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Persistence of infected cells in lungs could explain long-term COVID-19 symptoms, say scientists

Researchers have found the genome of COVID-19 and infected cell syncytia in the respiratory cells of deceased patients, potentially explaining long-term coronavirus effects.

COVID-19

A team investigating deceased COVID-19 patients has shed light on possible lung damage caused by the coronavirus, SARS-CoV-2. 

The study by King’s College London, UK, in collaboration with the University of Trieste and the International Centre for Genetic Engineering and Biology, both Italy, shows the unique characteristics to the SARS-CoV-2 virus and may explain why patients suffer from ‘long COVID’.

According to the researchers, patients with COVID-19 can experience symptoms such as blood clotting and loss of smell and taste. Some who survive the infection can experience the effects of the disease for months – known as ‘long COVID’ – with a feeling of fatigue and lack of breath. There have been a limited number of studies that have analysed the organs of COVID-19 patients which means the characteristics of the disease are still largely unknown.

The researchers analysed the organs of 41 patients who died of COVID-19 at the University Hospital of Trieste, Italy, from February to April 2020, at the start of the pandemic. The team took lung, heart, liver and kidney samples to examine the behaviour of the virus.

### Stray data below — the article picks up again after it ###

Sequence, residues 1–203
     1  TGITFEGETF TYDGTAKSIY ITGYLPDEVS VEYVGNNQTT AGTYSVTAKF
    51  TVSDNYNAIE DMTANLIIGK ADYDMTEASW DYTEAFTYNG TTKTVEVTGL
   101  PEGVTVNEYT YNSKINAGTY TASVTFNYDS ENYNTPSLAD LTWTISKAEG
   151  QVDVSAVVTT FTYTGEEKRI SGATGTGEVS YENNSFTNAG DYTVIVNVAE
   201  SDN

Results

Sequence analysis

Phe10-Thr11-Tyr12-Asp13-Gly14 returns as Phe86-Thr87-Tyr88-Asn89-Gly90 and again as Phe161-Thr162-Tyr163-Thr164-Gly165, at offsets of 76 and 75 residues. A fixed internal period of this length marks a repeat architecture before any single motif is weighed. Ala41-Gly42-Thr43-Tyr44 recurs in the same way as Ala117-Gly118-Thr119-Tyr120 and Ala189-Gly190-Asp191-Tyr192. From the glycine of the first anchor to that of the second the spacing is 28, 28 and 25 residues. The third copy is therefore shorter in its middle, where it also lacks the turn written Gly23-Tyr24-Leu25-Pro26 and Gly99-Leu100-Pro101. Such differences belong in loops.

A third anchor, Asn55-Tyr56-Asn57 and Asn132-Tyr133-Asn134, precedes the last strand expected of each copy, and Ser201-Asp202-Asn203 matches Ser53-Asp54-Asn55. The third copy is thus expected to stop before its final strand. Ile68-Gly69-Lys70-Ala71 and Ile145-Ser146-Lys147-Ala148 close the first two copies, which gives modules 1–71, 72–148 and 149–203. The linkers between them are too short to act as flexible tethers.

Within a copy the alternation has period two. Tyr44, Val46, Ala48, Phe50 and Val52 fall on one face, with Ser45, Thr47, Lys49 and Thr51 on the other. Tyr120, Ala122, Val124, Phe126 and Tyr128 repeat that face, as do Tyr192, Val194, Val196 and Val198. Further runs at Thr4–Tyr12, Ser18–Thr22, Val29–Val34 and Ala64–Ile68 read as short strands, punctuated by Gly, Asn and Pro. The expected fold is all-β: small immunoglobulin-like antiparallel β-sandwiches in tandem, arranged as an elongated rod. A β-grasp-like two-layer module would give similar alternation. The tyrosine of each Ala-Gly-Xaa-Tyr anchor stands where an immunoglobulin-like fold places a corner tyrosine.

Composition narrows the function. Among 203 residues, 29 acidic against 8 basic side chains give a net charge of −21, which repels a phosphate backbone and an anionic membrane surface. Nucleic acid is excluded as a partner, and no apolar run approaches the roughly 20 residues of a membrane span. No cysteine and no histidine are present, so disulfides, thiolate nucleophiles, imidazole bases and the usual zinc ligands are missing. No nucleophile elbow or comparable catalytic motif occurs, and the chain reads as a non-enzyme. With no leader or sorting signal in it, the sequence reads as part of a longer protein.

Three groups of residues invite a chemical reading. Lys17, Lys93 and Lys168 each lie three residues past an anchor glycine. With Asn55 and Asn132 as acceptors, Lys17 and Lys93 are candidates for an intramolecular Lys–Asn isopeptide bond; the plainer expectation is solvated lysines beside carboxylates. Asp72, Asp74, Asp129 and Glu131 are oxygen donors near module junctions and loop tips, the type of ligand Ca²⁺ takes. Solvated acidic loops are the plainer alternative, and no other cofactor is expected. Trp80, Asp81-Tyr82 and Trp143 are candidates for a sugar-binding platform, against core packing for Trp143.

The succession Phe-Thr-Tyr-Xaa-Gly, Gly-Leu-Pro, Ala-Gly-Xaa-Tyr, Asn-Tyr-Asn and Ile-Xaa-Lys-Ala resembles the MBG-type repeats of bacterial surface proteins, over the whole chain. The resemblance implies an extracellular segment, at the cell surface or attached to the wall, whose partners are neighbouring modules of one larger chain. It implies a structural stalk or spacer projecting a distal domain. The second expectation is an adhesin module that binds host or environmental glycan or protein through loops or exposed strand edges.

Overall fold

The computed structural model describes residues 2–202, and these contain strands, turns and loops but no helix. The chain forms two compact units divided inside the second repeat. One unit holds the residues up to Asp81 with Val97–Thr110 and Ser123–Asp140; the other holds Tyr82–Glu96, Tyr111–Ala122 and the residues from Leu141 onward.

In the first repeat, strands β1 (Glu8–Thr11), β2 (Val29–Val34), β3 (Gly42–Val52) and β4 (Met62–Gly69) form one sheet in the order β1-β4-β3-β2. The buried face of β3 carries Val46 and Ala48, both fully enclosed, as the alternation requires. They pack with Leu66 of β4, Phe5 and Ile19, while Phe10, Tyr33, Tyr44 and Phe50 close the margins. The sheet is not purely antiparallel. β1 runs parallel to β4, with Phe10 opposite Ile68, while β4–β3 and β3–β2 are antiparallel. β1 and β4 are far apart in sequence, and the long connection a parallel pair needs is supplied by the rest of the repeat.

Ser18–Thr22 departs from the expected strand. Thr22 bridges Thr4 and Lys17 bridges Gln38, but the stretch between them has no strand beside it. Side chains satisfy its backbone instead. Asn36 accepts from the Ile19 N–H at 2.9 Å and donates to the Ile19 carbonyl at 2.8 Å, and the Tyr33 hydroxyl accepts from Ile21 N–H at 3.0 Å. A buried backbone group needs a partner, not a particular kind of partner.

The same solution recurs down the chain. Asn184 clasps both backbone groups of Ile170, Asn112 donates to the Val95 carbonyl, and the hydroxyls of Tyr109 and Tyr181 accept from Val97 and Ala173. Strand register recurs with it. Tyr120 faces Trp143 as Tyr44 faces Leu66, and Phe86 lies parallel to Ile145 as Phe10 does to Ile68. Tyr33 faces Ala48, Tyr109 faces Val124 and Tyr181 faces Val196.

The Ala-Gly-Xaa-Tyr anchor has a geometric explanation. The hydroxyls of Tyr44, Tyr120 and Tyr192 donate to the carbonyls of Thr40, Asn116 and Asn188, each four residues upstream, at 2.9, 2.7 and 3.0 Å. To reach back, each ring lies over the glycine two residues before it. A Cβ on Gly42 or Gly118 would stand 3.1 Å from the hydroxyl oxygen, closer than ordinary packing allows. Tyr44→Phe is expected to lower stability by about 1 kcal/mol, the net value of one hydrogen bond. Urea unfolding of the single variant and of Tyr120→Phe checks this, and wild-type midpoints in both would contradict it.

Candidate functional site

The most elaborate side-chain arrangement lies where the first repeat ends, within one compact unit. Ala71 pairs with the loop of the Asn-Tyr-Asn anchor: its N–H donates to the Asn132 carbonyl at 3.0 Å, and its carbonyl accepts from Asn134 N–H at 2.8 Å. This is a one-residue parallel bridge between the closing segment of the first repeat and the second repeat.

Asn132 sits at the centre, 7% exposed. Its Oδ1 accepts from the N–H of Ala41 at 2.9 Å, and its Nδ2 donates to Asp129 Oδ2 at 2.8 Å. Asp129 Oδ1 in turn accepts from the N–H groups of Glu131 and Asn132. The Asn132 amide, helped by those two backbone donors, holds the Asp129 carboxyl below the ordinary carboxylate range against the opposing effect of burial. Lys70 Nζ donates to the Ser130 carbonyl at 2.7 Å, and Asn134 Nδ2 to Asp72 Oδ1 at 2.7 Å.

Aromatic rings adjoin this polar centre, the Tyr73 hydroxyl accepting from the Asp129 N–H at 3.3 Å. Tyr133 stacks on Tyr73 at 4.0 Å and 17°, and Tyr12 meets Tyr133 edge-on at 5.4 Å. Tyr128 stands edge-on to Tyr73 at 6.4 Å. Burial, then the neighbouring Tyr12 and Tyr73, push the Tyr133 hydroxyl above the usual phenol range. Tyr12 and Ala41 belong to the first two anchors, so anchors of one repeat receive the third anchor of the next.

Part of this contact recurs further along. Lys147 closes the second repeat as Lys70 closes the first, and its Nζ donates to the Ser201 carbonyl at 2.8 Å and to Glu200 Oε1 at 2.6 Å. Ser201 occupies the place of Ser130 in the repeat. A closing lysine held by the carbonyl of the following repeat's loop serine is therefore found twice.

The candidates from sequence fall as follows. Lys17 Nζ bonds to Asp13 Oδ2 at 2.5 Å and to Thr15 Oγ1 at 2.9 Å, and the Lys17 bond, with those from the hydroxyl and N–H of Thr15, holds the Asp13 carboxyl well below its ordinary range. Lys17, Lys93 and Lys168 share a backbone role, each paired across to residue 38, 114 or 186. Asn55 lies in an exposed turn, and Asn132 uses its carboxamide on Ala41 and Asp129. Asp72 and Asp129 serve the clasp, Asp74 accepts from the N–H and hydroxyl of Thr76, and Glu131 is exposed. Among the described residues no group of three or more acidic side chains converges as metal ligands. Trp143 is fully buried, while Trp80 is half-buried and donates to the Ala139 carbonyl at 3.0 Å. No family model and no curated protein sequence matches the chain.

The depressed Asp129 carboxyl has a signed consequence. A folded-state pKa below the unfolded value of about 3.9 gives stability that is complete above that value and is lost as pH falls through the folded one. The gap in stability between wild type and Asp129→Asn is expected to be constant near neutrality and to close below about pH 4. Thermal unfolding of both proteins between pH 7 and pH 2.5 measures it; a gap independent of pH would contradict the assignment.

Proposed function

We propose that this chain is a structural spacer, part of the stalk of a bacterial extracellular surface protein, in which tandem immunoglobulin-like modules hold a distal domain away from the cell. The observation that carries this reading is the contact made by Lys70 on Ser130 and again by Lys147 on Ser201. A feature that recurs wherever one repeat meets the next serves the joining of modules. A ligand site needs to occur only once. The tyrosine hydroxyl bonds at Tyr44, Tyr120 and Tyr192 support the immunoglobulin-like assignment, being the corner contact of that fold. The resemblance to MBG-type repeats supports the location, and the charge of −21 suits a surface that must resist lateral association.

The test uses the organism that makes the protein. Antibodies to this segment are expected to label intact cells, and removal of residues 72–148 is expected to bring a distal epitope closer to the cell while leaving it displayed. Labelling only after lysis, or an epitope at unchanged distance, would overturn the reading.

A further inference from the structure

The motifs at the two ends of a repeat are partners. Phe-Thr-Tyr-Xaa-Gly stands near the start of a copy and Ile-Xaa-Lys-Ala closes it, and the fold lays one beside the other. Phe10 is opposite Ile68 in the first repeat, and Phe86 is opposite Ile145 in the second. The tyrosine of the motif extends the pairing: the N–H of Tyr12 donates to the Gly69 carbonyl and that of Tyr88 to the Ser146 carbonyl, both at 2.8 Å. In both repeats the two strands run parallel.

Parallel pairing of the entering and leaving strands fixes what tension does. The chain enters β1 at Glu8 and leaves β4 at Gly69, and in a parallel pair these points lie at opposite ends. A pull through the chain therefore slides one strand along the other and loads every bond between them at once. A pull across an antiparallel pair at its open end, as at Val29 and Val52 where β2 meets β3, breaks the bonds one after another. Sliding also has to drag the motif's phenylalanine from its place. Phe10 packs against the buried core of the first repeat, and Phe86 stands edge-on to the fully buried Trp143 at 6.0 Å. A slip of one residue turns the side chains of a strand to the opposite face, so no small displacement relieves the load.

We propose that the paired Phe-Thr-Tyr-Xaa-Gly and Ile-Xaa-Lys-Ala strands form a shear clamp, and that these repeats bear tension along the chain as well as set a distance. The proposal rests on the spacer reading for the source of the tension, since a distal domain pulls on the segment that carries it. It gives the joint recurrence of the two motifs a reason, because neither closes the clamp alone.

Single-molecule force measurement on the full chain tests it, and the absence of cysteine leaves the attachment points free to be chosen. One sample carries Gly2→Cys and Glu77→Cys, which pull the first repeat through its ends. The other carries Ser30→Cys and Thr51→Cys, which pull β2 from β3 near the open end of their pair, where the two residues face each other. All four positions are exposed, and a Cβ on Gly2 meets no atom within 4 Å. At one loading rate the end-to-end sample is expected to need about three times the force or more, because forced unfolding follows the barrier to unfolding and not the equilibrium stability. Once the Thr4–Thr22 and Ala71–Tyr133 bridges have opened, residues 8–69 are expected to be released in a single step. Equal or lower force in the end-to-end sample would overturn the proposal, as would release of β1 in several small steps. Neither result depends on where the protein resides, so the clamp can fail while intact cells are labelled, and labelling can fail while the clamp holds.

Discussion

The findings show extensive lung damage in most cases, with patients experiencing profound disruption of the normal lung structure and the transformation of respiratory tissue into fibrotic material.

The team found that almost 90 percent of patients showed two additional characteristics that were quite unique to COVID-19 compared to other forms of pneumonia. First, patients showed extensive blood clotting of the lung arteries and veins (thrombosis). Second, several lung cells were abnormally large and had many nuclei, resulting from the fusion of different cells into single large cells. This formation of fused cells, called syncytia, is due to the viral Spike (S) protein, which the virus uses to enter the cell. When the protein is present on the surface of cells infected by the COVID-19 virus, it stimulates their fusion with other normal lung cells, which can be a cause for inflammation and thrombosis.

Additionally, the research showed the long-term persistence of the viral genome in respiratory cells and in cells lining the blood vessels, along with the infected cell syncytia. The team say the presence of these infected cells can cause the major structural changes observed in lungs, which can persist for several weeks or months and could potentially explain ‘long COVID’.

The researchers found no overt signs of viral infection or prolonged inflammation in other organs.

Professor Mauro Giacca, at King’s College London, said: “These findings are very exciting. The findings indicate that COVID-19 is not simply a disease caused by the death of virus-infected cells but is likely the consequence of these abnormal cells persisting for long periods inside the lungs.”

The team is now actively testing the effect of these abnormal cells on blood clotting and inflammation and are searching for new drugs that can block the viral S protein which causes cells to fuse.

The findings were published in eBioMedicine

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